I’ve been working on my dining room chairs today. I started feeling that tinge of urgency, wanting to go faster and faster, and as I’ve written before, that’s a sure sign to stop and take a break before I do something silly.
They say chairs are some of the most exacting pieces of furniture one can make. Early on I could see the obvious reasons: the joints have to be precise enough to take a beating (not only bear a load, but deal with constant wiggling and movement). Some of the joints meet at non-right angles, so that entails some skill and thought in cutting the joints. OK so far.
Here’s what I’m learning now: chairs often come in a set. So if the back rail of one chair is a quarter inch higher than the same rail on another chair, when those two chairs are sitting side by side at a dinner table you’ll easily see the difference. So not only do I need to make each chair precisely, they ought to match across the set.
But that’s not all! Today I discovered another asymmetry (due to the curvature of the back rails) – on a test fit, I saw that the end of one rail was 3/32″ closer to the front surface of the back leg one one side of the chair than the other. Given that rail was supposed to set in (hang on – math time…) 11/32″ from the front surface, that was about a 30% diffrerence in the gap (small as the actual distance was). Trust me, it was noticeable. So I had to re-shape the curve at that end of the rail to make it mate symetrically.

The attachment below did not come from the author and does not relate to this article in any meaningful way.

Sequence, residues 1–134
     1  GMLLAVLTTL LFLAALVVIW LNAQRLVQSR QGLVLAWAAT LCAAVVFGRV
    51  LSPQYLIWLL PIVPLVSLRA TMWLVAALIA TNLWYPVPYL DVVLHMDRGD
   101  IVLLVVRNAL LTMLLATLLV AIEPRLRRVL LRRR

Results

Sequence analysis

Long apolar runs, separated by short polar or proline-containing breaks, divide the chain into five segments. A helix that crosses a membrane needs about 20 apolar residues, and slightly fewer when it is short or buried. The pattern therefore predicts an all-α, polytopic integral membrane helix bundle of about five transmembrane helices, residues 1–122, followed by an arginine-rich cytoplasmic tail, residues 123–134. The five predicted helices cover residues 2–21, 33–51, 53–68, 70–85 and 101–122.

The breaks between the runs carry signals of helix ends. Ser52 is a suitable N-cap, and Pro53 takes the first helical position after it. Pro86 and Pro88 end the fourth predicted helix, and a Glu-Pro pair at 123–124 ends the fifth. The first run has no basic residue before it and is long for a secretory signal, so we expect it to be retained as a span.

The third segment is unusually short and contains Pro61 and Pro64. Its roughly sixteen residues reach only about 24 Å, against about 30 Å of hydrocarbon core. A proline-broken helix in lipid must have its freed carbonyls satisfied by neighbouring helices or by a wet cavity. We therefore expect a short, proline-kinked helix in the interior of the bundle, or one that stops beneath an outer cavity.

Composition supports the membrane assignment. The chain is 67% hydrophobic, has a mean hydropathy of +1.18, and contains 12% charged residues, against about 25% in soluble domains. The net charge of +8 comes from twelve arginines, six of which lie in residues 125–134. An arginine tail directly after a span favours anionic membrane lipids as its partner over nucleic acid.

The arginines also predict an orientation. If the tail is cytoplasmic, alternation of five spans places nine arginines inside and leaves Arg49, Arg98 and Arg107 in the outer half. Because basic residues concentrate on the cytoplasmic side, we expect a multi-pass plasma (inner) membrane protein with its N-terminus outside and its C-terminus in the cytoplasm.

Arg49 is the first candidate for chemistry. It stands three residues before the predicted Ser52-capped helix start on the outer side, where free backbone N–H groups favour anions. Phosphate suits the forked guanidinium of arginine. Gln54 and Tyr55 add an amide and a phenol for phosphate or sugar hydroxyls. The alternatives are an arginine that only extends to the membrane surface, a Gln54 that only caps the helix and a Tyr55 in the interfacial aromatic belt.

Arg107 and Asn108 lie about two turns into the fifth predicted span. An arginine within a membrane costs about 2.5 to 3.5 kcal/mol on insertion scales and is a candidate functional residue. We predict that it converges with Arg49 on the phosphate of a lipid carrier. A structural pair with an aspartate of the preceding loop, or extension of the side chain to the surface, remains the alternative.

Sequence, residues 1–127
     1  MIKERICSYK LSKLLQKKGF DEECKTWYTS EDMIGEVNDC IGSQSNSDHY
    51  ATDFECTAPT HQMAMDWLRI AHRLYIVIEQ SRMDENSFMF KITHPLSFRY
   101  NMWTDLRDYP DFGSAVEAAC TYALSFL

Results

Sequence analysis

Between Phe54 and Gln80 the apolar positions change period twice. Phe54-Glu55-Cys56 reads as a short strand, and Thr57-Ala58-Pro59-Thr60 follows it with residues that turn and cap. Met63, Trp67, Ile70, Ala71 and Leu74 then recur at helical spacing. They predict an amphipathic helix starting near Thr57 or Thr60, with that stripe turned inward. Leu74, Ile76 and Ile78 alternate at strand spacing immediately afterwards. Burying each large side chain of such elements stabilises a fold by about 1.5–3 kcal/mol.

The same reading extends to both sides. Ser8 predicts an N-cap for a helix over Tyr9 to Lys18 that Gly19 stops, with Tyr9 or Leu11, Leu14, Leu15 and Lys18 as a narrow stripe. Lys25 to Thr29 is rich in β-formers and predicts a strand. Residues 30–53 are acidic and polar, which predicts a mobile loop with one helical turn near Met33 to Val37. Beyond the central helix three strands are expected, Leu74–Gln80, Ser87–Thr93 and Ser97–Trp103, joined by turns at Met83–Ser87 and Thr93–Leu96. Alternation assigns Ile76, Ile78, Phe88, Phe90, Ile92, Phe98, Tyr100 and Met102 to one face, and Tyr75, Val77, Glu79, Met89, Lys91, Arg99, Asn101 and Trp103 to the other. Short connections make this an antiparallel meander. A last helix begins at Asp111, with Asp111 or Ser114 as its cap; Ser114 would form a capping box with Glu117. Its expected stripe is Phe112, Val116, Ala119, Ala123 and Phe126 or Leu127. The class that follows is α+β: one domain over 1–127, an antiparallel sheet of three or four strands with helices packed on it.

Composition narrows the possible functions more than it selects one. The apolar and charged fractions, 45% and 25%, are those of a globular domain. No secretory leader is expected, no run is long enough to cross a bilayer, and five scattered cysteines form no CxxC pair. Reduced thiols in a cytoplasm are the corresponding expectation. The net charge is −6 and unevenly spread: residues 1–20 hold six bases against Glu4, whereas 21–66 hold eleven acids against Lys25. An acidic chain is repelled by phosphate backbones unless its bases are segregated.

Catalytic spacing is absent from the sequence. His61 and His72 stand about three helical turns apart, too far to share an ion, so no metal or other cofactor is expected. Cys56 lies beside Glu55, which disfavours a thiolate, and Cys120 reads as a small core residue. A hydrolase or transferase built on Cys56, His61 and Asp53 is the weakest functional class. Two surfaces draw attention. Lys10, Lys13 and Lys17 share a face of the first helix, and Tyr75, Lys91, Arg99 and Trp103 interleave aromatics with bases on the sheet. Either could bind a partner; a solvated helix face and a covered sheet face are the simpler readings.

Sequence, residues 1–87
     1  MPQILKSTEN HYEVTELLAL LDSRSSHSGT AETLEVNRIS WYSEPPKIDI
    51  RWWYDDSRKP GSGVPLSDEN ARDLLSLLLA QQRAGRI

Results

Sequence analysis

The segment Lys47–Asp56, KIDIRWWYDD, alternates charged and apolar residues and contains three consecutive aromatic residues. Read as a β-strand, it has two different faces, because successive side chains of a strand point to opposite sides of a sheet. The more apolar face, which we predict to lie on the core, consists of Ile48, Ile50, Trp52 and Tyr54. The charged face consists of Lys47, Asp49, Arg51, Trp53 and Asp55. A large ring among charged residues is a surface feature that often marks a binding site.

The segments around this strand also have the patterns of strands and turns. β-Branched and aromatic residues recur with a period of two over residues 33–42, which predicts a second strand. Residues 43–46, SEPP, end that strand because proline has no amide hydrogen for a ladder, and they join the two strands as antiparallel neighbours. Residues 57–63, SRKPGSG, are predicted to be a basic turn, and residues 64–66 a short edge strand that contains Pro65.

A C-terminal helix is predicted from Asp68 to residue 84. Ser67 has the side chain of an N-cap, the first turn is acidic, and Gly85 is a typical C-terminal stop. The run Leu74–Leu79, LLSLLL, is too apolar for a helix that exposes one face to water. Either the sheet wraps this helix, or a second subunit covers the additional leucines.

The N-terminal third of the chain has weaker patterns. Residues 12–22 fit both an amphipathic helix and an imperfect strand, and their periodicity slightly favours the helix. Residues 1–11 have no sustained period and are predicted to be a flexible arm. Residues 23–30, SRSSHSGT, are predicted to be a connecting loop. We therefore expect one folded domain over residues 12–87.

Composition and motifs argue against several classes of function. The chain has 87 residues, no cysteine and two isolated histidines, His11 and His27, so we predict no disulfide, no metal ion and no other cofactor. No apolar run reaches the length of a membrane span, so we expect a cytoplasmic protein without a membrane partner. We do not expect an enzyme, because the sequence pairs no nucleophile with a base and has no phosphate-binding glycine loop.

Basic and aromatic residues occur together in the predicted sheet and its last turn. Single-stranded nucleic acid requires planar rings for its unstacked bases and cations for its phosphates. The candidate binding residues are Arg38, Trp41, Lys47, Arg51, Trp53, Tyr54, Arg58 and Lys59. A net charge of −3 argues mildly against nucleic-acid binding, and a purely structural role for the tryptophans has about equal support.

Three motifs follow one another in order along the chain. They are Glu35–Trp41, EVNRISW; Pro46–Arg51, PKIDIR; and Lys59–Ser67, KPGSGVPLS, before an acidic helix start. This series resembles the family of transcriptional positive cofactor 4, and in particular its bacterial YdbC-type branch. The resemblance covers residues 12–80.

Last but not least… I dry-fit the back leg/rail assembly, and everything looked hunky-dory. Joints were reasonably tight, etc. When I stood the assembly up on its feet, holding it as I would standing at the back of a chair, I looked down and uh oh! I could see that the back surfaces of the legs were not flat. The easiest way to tell if a board is straight is to sight down it as if looking down the sighting of a rifle. The slightest curature, warp, bow, twist, etc., will show itself this way. Problem is, this is what a dinner guest would do just by standing next to a chair – look down, and you’ll see the wobble on the surface of the back of the legs. Back to the bench and my dad’s trusty jack plane – took the hills and valleys right out of the legs. I’m glad I caught it!
After all that, I decided it was time for a break before I move any further.
I haven’t spent much time in the shop lately. Work has been pretty heavy (albeit interesting), and I’m really trying to stick with a sustainable fitness/exercise routine (which my sweetie and I call “huffy-puffy,” after a humorous comment by her NP. A half hour walk isn’t good enough unless it’s “huffy-puffy” fast for cardio) 🙂 My personal goal is 5 days a week, which I more or less achieved this week for the first time (not all exercise was purely huffy puffy, but hey, it’s a learning curve!). I’ve got my bike rack back on the car and have been taking my mtn. bike to work for riding after. Today we’re going up to redwoods in the Oakland Hills for some huffy-puffy before dinner.
I’d like to get these chair done – they’re pretty much taken over the shop and I don’t feel like doing other, smaller projects until they’re out of the way again. I’m also in the least-fun phase of any project – sanding, finishing, fine detail fitting, etc. But I’m really close to having usable chairs, too.
I hope all is well with y’all in blog-land. Enjoy your summer!